Claudio always called her that. Lía had been a pageant winner in her town last year. It was something I couldn’t picture, no matter how hard I tried. She was down to earth, gentle, funny. No self-centered aura, which was the defining trait of those contests. She had a powerful beauty, a captivating simplicity like sun rays on a meadow.
“Four hours, we’re moving tomorrow. Still have to fill some boxes. I’m starting to hate Manuel’s library.”
“Didn’t you say half the books were yours?”
“Yeah, but he’s the one who keeps buying hard covers. Huge, expensive bricks disguised as books.”
Adrián came back, 10-peso bills flaming in his right hand as a victory banner.
Lía was not awake yet.
“The Felony girl! Her name’s Mariela. She’s from Arroyito. Single. Likes to skate, hangs out with those BMX guys in the square sometimes. You know, the hardcore band. Protesta Viva?”
“Protesta Activa.” My words had a scolding tone. It always bothered me how he ignored them. They were smart, and they sounded tight. Good people too, in-tune with everything that went on in the city, committed.
“You got all that in five minutes while asking for change?”
Claudio couldn’t believe it.
“I’m inspired today. It must be the sugar, those facturas were dope.”
“You know, street slang is not your thing. Leave it to the hardcore guys.”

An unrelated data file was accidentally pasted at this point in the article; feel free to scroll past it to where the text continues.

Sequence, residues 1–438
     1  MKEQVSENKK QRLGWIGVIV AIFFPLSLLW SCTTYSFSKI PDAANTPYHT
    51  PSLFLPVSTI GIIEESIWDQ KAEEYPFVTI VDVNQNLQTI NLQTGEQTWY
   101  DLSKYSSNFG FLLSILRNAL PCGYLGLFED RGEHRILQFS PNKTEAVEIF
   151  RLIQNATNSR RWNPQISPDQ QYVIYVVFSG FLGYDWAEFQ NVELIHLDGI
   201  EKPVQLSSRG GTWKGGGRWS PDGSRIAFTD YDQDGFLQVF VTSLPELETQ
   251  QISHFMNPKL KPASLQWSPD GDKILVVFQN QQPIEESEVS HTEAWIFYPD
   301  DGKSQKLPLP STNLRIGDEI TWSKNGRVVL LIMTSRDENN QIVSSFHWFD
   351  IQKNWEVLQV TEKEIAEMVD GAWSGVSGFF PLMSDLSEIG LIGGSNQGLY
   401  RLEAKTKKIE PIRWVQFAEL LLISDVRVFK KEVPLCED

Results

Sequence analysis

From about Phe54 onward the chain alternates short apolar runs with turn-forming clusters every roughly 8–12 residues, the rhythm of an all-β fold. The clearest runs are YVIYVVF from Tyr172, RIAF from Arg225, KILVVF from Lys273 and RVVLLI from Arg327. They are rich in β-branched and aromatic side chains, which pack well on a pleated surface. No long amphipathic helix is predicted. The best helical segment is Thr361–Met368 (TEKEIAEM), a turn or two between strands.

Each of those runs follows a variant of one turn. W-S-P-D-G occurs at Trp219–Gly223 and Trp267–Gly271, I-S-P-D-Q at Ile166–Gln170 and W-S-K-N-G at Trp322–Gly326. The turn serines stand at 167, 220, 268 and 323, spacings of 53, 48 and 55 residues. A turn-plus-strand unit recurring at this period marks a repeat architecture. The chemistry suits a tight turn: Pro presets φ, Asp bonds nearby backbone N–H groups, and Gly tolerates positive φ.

Lía was awake and joking now.
Adrián was about to counterattack when Carina came in. We all said hi and got to work, focusing on our current tasks. Behind her felicitous façade was a merciless shop owner, never fully satisfied with what we did. It was a family business, and she was the youngest one but also the most demanding. And we had the blessing of having her there every morning. They owned five different stores, but she had a preference for this one and I always attributed it to the location. A massive window in a corner, where she could contemplate the city center’s movements and be admired by passersby in the meantime. She loved that.
“Nice blouse, Cari! That’s not one of ours, right?” I knew how to play the game. Even when it wasn’t officially my job, I often engaged clients with comments like this and ended up selling a thing or two.
“Thank you! No, it’s from Vidaclara.”
That was their poshest shop, three blocks down the road. My trial period had been there. The snobbery was ten times higher than in Cactus.
“Finished with the shirts. What now?”
Lía didn’t sound too industrious.
“Sort the belts again, honey. They’re a mess.”
The tension between them was always there. They hadn’t clicked since day one, but Lía was also the best salesperson they had. Carina did not care very much for her, but she wasn’t in denial. Numbers never lied.